Putin admits Russia is facing ‘issues’ in the Ukraine war and told his team to make faster decisions

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Vladimir Putin scratching his head.
Russian President Vladimir Putin during the CSTO summit in Moscow on May 16, 2022.

  • Russian President Putin on Tuesday admitted his country faces “issues” from the war in Ukraine.
  • Per an AFP translation of the speech, Putin referred to “economic difficulties” in Russia.
  • Putin also told his team to speed up the decision-making process in the conflict.

Russian President Vladimir Putin on Tuesday admitted his country faces “issues” in the Ukraine war, and told his team to speed up the decision-making process in the conflict.

But his remarks — which were made in Russian, and were televised — appear to have been translated differently by news organizations.

“Now we are faced with the need to more rapidly resolve issues associated with providing support for the special military operation and the need to counter economic restrictions that were imposed on us, which are truly unprecedented without any exaggeration,” Putin told a newly formed Coordination Council, which was set up to improve support for the invasion of Ukraine, according to an official transcript from the Kremlin. 

Putin’s remarks have been translated differently by the AFP and Reuters, both of which have operations in Russia. While the Kremlin wrote that Putin used the phrase “economic restrictions,” the AFP reported that Putin said Russia was facing “economic difficulties” due to sanctions over the war.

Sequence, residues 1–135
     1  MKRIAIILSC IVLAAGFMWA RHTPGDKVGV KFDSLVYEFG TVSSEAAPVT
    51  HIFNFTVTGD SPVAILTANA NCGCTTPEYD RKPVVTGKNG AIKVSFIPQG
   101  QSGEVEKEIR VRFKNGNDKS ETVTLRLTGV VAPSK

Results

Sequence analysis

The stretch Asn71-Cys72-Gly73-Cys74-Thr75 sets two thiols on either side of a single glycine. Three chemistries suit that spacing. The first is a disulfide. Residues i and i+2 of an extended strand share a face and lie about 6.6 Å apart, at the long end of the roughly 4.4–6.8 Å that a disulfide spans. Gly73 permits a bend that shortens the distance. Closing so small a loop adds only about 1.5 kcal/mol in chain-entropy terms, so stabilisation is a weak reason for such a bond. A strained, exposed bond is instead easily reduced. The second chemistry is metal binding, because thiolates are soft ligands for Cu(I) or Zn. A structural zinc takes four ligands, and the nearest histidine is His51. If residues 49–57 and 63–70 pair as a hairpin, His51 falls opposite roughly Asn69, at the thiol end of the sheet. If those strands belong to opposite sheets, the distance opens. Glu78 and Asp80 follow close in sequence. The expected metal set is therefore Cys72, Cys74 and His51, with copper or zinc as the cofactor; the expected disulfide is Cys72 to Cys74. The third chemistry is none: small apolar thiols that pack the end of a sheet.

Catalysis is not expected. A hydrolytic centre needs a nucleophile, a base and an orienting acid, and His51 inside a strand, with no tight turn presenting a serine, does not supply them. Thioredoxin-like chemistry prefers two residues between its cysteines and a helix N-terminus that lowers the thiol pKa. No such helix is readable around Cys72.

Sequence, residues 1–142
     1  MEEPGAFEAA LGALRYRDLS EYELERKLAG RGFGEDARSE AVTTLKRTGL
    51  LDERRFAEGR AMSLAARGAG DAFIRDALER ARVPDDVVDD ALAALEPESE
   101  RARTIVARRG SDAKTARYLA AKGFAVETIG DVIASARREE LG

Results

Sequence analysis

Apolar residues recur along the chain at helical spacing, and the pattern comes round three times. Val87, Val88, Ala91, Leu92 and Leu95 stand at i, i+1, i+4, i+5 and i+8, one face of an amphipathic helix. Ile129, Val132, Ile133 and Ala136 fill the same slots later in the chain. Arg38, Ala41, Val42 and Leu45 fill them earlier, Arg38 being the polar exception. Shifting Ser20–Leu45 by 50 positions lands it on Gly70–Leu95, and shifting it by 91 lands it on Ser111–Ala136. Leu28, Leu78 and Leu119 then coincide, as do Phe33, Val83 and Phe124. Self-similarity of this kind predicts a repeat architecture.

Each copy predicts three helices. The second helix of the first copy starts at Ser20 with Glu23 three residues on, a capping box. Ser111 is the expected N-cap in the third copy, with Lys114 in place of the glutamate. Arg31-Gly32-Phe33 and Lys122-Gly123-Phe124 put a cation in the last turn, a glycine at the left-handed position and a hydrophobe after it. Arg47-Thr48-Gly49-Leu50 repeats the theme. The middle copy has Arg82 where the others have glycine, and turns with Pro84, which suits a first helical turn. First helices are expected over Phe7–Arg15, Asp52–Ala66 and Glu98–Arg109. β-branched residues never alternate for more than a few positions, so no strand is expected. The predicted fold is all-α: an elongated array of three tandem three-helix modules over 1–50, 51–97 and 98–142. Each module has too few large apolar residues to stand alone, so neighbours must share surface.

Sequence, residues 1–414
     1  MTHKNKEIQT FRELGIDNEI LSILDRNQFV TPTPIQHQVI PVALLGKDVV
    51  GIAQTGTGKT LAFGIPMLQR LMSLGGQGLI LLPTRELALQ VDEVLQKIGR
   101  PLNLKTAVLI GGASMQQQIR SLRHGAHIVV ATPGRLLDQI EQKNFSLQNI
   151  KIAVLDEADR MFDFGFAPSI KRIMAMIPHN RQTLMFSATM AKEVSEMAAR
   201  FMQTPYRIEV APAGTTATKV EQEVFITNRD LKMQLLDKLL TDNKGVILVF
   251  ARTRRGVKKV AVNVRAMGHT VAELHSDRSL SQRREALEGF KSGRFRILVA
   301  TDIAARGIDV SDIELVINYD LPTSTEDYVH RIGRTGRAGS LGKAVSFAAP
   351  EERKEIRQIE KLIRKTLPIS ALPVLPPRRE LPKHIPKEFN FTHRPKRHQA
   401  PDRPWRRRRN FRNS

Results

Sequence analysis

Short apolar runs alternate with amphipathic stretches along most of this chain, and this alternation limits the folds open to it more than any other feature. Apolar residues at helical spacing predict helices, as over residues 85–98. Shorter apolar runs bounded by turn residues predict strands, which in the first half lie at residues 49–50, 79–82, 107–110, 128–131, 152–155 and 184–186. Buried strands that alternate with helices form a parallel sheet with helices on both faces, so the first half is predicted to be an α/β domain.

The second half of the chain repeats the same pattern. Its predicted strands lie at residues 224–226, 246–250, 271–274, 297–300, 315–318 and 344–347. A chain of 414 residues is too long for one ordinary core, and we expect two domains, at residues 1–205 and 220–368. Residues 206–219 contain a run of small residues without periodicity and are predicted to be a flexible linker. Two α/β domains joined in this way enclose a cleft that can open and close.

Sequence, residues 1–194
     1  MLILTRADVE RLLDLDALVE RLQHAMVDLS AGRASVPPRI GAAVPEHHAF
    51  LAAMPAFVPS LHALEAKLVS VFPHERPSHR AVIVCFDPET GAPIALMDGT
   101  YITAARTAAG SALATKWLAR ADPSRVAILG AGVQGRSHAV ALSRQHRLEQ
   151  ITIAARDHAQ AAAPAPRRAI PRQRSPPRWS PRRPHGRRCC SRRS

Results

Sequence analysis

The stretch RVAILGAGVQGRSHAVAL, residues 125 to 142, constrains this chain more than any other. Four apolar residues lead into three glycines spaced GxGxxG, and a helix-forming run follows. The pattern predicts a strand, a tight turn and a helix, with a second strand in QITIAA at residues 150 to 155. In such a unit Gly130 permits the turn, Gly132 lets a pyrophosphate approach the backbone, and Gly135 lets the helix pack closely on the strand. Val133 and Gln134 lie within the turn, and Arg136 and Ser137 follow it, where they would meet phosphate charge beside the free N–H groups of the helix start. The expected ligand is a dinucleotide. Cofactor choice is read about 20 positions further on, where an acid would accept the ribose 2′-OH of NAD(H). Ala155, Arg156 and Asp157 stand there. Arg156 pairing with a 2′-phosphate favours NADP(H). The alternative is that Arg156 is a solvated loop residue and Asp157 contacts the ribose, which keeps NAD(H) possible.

The difference in translations is notable because if Putin did indeed use the words “economic restrictions,” the wording marks a departure from Putin’s usual line of statements that indicate Russia is holding up well under sanctions.

Putin’s comments, which came eight months after the invasion of Ukraine, were seen as acknowledging challenges Russia has been facing on the ground.

They also came days after the Russian central bank issued several reports in October that acknowledged a challenging environment for the country’s economy, even though it had seemed to be propped up by firm energy prices

Putin’s partial mobilization of the country’s 300,000 military reservists in September created new challenges for production processes and output maintenance, according to a Russian central bank report released last week. The exercise is also expected to “negatively affect consumer and business confidence,” the central bank said.

“The recovery of economic activity stalled in September,” the research department of the central bank wrote. By the end of the month, the economic conditions had worsened, it added.

Putin’s address to his coordination council came two days after Russia’s defense minister accused Ukraine of preparing to use radioactive “dirty bombs” — sparking concerns about an escalation in the war.

The US, the UK, and France rejected Russia’s allegation about “dirty bombs” in a joint statement, saying Russia’s “transparently false allegations” were “a pretext for escalation.”

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